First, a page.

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State patrol out in force

Naomi Havlen

If it seems like more state troopers are out on Highway 82 lately, you’re right.

For the last two months, the Colorado State Patrol has stationed additional troopers along the Roaring Fork Valley’s busiest highway during rush hour, with the goal of eliminating most traffic accidents in the area.

According to Capt. Barry Bratt of the Colorado State Patrol’s Glenwood Springs office, it’s an ongoing project that started two years ago when Highway 82 was identified as a roadway that needed additional traffic enforcement to reduce accidents.

“We’re now looking at the area and determining when the most accidents are happening so we can try and match troopers up with those times,” Bratt said. “If we’re there with a clear presence of enforcement, we might change driving behavior so the accidents don’t occur.”

The entire stretch of Highway 82 through the Roaring Fork Valley is part of the increased enforcement.

During the month of April, Bratt said troopers gave out 74 speeding violations, five alcohol-related tickets, three tickets for following too closely, seven lane violations and 102 seat-belt violations just in the stretch of Highway 82 between Carbondale and Glenwood Springs.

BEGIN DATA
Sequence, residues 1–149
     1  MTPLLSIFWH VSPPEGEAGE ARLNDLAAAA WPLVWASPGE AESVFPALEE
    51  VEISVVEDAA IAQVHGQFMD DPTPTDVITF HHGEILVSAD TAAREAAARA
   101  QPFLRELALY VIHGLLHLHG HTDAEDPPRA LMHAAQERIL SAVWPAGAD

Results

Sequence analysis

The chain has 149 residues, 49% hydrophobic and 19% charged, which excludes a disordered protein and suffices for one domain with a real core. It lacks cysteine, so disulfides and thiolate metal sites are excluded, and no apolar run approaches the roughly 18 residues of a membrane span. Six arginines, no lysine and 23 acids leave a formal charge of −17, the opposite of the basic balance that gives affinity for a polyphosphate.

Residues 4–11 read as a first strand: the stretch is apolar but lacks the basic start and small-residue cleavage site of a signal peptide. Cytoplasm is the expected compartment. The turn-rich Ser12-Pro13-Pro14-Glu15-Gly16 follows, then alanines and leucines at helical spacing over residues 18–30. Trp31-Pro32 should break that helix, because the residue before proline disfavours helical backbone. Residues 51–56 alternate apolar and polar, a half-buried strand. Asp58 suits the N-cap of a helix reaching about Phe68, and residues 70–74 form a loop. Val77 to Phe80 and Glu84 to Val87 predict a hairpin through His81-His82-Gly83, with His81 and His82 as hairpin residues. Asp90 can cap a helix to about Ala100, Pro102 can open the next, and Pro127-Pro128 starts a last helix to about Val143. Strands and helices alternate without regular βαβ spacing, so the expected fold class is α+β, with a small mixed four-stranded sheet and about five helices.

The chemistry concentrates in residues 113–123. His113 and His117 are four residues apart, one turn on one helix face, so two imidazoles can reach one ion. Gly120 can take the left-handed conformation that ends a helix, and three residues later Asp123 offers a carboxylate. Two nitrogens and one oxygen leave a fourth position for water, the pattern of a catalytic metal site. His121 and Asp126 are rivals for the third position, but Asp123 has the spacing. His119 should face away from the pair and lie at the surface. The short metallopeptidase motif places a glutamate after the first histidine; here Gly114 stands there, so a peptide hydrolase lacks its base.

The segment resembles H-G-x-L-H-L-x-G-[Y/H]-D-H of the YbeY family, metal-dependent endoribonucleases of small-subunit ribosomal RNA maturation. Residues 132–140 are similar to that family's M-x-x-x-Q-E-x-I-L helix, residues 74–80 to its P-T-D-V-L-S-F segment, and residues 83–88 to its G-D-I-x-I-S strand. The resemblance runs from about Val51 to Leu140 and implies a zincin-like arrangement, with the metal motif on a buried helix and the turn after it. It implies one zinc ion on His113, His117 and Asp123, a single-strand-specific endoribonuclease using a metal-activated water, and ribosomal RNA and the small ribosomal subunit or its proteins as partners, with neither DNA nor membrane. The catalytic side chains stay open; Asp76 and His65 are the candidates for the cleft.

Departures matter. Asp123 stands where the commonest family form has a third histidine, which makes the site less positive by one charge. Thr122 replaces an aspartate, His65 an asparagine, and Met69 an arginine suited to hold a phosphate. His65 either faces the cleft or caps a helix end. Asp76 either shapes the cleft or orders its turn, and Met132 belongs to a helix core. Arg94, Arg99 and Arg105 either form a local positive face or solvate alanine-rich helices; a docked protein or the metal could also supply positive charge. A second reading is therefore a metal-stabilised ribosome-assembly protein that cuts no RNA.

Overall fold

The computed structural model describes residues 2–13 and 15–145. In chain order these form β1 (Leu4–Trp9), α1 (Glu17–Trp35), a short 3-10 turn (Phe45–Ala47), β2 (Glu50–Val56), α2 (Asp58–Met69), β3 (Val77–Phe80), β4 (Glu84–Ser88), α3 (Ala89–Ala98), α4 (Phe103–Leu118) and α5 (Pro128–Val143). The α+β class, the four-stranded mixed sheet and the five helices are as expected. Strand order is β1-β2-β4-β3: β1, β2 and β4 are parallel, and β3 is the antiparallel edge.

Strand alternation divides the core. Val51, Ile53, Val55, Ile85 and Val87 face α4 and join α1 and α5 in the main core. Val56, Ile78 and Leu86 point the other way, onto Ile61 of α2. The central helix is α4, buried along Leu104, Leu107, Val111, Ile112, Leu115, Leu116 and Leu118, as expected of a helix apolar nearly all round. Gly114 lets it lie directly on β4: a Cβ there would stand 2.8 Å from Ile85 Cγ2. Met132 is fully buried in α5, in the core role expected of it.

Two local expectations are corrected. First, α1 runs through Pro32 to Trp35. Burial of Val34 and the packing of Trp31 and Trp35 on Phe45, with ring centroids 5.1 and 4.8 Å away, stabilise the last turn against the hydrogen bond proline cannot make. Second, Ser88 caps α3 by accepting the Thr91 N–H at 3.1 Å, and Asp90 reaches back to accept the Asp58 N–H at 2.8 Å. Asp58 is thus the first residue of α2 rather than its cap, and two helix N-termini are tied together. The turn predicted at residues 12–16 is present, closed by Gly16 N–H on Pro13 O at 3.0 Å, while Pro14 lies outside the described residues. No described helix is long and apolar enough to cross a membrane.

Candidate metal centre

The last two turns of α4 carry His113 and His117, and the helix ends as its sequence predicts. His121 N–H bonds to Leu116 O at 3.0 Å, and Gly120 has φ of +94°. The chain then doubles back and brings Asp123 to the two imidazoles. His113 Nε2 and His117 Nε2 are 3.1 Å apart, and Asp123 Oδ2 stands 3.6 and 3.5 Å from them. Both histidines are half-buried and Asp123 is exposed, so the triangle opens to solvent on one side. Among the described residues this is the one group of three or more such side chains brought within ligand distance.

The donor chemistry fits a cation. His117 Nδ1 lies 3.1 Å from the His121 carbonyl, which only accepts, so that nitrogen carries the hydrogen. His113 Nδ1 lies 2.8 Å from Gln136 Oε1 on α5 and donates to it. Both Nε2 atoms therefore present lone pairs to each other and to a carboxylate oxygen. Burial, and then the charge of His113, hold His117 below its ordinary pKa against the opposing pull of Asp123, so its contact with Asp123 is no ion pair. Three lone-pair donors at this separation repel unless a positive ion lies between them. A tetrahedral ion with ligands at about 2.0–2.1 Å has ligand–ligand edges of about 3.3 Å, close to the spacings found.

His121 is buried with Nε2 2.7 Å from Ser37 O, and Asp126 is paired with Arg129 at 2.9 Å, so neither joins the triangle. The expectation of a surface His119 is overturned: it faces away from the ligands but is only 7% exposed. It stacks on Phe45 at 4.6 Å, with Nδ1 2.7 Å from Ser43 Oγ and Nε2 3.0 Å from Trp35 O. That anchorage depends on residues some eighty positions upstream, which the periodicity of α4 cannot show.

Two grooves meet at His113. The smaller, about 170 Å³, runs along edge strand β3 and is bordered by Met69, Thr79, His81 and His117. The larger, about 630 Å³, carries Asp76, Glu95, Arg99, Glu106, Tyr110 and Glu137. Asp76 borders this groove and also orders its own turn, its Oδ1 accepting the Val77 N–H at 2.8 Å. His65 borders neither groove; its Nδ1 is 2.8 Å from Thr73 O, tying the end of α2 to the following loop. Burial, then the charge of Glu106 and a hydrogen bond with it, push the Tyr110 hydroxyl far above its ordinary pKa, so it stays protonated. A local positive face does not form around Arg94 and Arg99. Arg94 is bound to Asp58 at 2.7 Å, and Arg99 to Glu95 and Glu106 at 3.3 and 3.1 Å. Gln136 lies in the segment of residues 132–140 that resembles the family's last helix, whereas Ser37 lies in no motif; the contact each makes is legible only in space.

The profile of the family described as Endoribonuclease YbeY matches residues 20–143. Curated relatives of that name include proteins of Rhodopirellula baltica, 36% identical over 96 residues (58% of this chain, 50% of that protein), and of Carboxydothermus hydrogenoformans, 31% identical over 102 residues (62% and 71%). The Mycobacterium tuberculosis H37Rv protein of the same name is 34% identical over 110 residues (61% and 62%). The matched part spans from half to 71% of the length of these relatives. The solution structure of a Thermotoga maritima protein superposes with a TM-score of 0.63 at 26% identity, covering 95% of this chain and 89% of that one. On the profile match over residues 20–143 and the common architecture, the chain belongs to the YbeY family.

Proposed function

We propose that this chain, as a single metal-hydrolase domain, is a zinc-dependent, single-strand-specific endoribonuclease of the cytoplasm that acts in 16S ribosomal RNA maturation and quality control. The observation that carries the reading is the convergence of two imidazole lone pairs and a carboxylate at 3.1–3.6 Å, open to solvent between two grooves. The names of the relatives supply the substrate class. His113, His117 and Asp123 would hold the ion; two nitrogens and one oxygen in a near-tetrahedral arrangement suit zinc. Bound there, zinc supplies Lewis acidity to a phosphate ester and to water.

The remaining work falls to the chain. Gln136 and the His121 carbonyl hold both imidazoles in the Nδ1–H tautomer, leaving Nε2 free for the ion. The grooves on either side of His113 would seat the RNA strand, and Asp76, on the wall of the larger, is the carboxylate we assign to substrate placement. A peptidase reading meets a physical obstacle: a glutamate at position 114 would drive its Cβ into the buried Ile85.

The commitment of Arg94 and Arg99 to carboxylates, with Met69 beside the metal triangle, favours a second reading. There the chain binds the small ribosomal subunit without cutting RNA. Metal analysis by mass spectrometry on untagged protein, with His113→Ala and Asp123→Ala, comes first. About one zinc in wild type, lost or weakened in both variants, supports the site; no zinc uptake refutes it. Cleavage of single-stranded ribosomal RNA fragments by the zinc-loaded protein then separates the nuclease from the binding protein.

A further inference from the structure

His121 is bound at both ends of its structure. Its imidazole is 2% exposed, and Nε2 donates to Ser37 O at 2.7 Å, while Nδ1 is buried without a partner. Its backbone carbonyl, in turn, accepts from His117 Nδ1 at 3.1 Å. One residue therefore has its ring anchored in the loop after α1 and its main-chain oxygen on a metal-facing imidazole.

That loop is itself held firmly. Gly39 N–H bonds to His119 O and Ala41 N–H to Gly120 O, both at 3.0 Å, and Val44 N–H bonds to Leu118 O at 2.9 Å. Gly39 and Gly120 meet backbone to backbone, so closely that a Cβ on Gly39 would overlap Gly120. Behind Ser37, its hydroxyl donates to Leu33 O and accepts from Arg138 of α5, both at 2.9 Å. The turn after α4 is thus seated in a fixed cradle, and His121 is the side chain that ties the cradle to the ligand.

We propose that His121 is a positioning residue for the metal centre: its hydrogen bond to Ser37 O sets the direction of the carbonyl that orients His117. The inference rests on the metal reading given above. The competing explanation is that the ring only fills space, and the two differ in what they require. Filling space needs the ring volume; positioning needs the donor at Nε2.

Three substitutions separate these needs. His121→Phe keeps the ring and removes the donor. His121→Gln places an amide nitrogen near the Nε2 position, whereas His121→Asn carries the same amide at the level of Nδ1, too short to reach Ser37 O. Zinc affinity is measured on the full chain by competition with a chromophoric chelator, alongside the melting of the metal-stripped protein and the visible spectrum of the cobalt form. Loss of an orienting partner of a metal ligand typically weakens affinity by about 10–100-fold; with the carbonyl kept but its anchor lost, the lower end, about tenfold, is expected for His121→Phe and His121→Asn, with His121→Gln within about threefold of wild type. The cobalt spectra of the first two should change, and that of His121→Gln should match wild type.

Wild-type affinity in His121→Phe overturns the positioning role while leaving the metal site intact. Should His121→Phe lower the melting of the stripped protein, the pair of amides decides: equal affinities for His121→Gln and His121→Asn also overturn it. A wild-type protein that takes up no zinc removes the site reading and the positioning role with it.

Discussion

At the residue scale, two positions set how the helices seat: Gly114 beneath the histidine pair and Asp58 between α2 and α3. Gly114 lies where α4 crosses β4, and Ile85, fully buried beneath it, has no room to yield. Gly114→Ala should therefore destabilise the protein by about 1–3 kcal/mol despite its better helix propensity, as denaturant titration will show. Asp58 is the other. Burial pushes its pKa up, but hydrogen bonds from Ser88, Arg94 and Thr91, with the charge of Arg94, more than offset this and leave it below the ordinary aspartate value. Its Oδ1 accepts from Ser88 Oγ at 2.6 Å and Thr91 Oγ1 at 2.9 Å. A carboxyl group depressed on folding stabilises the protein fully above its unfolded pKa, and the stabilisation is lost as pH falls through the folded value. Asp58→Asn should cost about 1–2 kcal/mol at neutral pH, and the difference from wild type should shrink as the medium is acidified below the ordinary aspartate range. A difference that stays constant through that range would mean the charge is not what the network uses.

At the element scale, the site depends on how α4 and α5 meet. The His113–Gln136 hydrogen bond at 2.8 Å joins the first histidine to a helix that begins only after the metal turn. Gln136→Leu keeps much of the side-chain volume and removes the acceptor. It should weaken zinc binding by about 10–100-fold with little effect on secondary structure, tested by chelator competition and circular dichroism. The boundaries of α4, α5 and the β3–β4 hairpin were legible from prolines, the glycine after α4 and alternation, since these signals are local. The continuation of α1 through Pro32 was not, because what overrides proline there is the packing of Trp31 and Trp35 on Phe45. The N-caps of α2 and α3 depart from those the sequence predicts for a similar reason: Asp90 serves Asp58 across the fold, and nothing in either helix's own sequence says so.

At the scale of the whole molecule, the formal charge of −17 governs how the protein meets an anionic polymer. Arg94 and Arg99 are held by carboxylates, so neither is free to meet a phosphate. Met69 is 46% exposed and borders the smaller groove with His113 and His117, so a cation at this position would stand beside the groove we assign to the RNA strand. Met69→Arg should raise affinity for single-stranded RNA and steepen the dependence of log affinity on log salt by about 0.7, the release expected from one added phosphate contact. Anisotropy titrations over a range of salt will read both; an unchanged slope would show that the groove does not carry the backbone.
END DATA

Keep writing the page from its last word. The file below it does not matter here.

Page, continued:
This push in enforcement is part of a paradigm shift within the Colorado State Patrol. In June 2003, Col. Mark Trostel was named the chief of the State Patrol and set a long-term goal of eliminating most traffic fatalities in Colorado by 2025.

“Colorado Target Zero” is how the patrol plans to reach this goal. The traffic law-enforcement campaign officially will be kicked off this Memorial Day week, between May 25 and 31.

Essentially, the campaign involves putting every uniformed member of the state patrol on the road, Bratt said, in hopes that enough of an impact can be made that not one person in Colorado is killed in a traffic accident.

Aspen Police Chief Loren Ryerson said his department will participate in the campaign, with extra police officers on patrol over Memorial Day weekend.

“We’re going to pull out all the stops too,” Ryerson said. “We feel that no one is against the end to all traffic deaths in the state. It’s an admirable thing they’re doing to get everyone out of the office and onto the streets to help out.”

The state patrol will also re-start their “click it or ticket” campaign in the coming week to reinforce statewide seat-belt laws, as well as have checkpoints for driving under the influence periodically throughout the summer, Bratt said.

Naomi Havlen’s e-mail address is nhavlen@aspentimes.com


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